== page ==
NYFOS logo

Stephen Sondheim: Send in the Clowns

After discovering American popular music later in my childhood, my mind was also blown at the discovery of musical theater, which was sort of like the opera I had grown up with in Germany, but just so deliciously American.  As a twelve-year-old, having lost my German accent and gained an American musical sensibility, I enrolled in a musical theater class in Columbus, OH, where my mother and I were living at the time.  My earliest MT addictions were Bernstein and Sondheim, and my West Side Story and Sweeney Todd recordings were worn down to nubs.  One of Sondheim’s most famous songs, “Send in the Clowns” from LITTLE NIGHT MUSIC puzzled me for years — so much so that I passed it off long ago as one of those over-done MT numbers.  It was not until I heard the following rendition by the tremendous actress Dame Judy Dench three years ago, that I suddenly heard the song anew with the understanding of life experience.  Tears sprang to my eyes immediately then, as they still do today, upon hearing her rendition.

Repost from July 14, 2015

Stephen Sondheim: Send in the Clowns

One magic trick performed by great musical theater lyricists I find particularly impressive is when a repeating lyrical hook, often found in the title, evolves throughout a song and takes on new meanings. Rather than just the usual redundant repetition, the same phrase progresses based off the goings-on of the verse, and it continues to shed light on a situation. I am always awestruck when a musical theater writer reaches this level of lyrical complexity. Usually an actor is left to come up with his or her own intention for each repeated lyric; in this case, the lyricist has made his intents obvious and draws a clear arch for the actor.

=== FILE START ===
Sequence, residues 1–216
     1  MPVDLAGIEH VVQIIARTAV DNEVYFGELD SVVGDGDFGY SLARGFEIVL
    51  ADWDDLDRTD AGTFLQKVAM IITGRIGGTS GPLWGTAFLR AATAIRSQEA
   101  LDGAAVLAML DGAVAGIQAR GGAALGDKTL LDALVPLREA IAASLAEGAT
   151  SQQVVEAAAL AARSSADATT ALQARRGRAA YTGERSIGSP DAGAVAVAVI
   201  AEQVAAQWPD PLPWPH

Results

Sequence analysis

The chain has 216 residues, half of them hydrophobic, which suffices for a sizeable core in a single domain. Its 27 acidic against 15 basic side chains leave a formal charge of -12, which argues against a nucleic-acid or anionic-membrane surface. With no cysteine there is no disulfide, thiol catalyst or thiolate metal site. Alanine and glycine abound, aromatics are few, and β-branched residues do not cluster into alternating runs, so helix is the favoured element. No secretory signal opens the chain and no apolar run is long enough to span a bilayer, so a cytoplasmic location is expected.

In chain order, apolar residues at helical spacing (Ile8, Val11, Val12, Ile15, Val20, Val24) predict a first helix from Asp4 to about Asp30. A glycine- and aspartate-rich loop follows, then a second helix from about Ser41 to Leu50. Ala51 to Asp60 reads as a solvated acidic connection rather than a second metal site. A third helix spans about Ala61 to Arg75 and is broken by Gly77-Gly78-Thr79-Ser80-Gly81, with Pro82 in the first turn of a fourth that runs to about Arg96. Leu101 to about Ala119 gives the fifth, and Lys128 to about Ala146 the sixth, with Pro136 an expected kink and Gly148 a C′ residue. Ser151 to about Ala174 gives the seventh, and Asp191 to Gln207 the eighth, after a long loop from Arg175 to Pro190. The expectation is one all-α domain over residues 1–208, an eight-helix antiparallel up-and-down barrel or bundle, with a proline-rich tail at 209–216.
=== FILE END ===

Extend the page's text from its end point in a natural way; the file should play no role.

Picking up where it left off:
“Send in the Clowns” from Act Two of A Little Night Music is a perfect example. In this song, Desirée looks back at an affair she had many years prior with the lawyer Fredrik. He had asked for her hand in marriage all those years ago, but she rejected him. She has finally returned to tell Fredrik she is ready for the commitment, but he informs her he is now dedicated to a new, younger bride.

Desiree is an actress, so Sondheim uses theatrical vocabulary and imagery throughout the song. “Send in the Clowns” starts as a show business reference, which is to say, “This show isn’t going well, so let’s start giving them our best jokes!” As Desiree rummages through her life’s disappointments in this ballad, she realizes what fools she and Fredrik both are. The lyric “send in the clowns” takes on an entirely new meaning at this point- these two tired old people with a long list of regrets are the clowns.

Genius!

New York Festival of Song • One Penn Plaza • #6108 • New York, NY 10119 • 646-230-8380 • info@nyfos.org